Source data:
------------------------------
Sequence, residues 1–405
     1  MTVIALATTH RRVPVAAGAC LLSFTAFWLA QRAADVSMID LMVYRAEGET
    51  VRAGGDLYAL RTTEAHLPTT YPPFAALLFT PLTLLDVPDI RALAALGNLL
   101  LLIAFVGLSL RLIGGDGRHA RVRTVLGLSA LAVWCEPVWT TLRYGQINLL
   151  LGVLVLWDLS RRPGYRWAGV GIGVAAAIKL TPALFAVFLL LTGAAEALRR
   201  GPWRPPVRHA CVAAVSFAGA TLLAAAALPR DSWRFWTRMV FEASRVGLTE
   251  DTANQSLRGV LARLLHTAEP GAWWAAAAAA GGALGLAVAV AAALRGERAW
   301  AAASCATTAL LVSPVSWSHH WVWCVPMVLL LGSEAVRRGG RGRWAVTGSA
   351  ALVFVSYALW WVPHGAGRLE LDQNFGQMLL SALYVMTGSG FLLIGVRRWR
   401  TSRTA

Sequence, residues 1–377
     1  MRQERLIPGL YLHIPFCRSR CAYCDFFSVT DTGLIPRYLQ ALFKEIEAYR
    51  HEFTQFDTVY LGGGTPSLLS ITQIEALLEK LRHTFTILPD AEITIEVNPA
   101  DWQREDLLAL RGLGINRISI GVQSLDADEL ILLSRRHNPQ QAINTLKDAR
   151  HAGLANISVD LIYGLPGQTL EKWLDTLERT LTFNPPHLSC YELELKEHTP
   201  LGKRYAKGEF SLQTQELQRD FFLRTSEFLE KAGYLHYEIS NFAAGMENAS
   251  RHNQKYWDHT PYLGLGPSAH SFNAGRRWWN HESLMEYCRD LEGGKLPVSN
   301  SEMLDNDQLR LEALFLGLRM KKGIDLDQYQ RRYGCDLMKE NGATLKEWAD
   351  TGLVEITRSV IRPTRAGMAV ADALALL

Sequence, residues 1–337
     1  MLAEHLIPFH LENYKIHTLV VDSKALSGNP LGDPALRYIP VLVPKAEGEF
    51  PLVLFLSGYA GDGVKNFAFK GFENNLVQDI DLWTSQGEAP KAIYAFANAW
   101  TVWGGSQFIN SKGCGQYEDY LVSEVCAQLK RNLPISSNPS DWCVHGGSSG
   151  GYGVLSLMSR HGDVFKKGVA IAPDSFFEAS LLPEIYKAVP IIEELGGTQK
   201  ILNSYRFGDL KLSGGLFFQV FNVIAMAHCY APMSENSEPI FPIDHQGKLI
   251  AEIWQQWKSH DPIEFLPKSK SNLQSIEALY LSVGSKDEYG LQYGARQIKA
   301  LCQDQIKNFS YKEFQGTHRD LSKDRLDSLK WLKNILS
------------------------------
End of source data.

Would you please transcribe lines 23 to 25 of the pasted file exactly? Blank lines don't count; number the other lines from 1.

   101  TVWGGSQFIN SKGCGQYEDY LVSEVCAQLK RNLPISSNPS DWCVHGGSSG
   151  GYGVLSLMSR HGDVFKKGVA IAPDSFFEAS LLPEIYKAVP IIEELGGTQK
   201  ILNSYRFGDL KLSGGLFFQV FNVIAMAHCY APMSENSEPI FPIDHQGKLI